According to Florida law, it takes two incidents of harassment to satisfy the requirements for an injunction against stalking under Florida Statute 784.048:
“[B]y its statutory definition, stalking requires proof of repeated acts.” Lukacs v. Luton, 982 So. 2d 1217, 1219 (Fla. 1st DCA 2008). “It takes two incidents of harassment to satisfy the requirements for an injunction against stalking.” Carter v. Malken, 207 So. 3d 891, 892 (Fla. 4th DCA 2017).
A finding of harassment requires a showing of “substantial emotional distress.” § 784.048(1)(a), Fla. Stat. (2021). “Whether a communication causes substantial emotional distress should be narrowly construed and is governed by the reasonable person standard.” David v. Textor, 189 So. 3d 871, 875 (Fla. 4th DCA 2016). Substantial emotional distress “is greater than just an ordinary feeling of distress.” Johnstone v. State, 298 So. 3d 660, 665 (Fla. 4th DCA 2020).
Unpleasant, uncivil, and distasteful communications “do not rise to the level required to support a permanent injunction against stalking.” Reid v. Saunders, 282 So. 3d 151, 151 (Fla. 1st DCA 2019). Likewise, “[m]ere irritation, annoyance, embarrassment, exasperation, aggravation, and frustration, without more, does not equate to ‘substantial emotional distress.’ ” Cash v. Gagnon, 306 So. 3d 106, 110 (Fla. 4th DCA 2020) (citation omitted). While profanity and accusations of lying might be offensive or even defamatory, “this speech does not fall within a ‘course of conduct’ that allows for injunctive relief.” Id. Similarly, testimony that a petitioner was scared of the respondent’s “erratic behavior” was held to be insufficient to establish substantial emotional distress. Gonzalez v. Funes, 300 So. 3d 679, 684–85 (Fla. 4th DCA 2020). In short, “injunctions are not available to stop someone from uttering insults or falsehoods.” Logue v. Book, 297 So. 3d 605, 614 (Fla. 4th DCA 2020).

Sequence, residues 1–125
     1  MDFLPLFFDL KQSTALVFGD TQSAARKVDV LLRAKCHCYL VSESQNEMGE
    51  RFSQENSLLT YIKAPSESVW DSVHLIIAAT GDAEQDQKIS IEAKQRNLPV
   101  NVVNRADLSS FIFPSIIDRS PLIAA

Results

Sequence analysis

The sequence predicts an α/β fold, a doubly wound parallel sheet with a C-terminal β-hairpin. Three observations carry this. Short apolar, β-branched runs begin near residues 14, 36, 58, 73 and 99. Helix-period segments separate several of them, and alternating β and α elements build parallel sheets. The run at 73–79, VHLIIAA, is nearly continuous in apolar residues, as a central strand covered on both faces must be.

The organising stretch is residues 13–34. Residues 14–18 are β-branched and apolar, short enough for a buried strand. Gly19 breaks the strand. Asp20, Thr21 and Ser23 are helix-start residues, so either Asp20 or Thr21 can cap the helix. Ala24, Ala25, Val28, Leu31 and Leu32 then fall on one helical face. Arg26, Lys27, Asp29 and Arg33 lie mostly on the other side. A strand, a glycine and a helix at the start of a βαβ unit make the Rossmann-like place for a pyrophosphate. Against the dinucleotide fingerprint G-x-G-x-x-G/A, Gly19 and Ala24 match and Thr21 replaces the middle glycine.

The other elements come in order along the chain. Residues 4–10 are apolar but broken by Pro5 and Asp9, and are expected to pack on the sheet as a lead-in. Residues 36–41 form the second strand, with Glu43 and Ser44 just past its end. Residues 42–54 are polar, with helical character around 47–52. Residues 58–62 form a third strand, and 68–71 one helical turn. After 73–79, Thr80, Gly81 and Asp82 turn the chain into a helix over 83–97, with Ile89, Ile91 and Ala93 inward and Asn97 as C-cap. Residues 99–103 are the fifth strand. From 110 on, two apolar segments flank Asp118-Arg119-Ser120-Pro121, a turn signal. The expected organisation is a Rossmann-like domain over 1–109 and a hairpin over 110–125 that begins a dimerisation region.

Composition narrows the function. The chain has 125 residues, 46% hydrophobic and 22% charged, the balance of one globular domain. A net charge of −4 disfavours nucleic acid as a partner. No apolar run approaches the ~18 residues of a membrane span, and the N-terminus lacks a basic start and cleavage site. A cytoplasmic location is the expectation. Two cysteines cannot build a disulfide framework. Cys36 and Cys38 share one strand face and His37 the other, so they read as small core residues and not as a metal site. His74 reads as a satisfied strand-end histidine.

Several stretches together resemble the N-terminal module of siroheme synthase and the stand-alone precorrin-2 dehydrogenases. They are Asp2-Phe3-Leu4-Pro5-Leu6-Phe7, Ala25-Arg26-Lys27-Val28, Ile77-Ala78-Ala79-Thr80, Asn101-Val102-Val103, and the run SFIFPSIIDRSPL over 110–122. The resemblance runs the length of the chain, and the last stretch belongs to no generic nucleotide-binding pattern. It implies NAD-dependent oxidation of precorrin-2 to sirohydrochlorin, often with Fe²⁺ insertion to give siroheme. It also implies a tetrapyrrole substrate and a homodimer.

By contrast, where the complained-of conduct is more extreme and outrageous, courts have found the conduct to be sufficient to cause substantial emotional distress in a reasonable person. See Robertson v. Robertson, 164 So. 3d 87, 88 (Fla. 4th DCA 2015) (holding that where an ex-husband went to his ex-wife’s home “in the middle of the night” and “looked inside her darkened windows with a flashlight” “for three consecutive nights,” the ex-husband’s actions were sufficient to cause substantial emotional distress in a reasonable person); Auguste v. Aguado, 282 So. 3d 937, 937–38 (Fla. 3d DCA 2019).
Another required element of harassment is that the course of conduct “serves no legitimate purpose.” § 784.048(1)(a), Fla. Stat. (2021). “[W]hether a communication serves a legitimate purpose is broadly construed and will cover a wide variety of conduct.” David, 189 So. 3d at 875.
“Whether the purpose for contact is ‘legitimate’ is evaluated on a case-by-case basis.” O’Neill v. Goodwin, 195 So. 3d 411, 413 (Fla. 4th DCA 2016). “However, courts have generally held that contact is legitimate when there is a reason for the contact other than to harass the victim.” Id.
See: Rosaly v. Konecny – 346 So.3d 630
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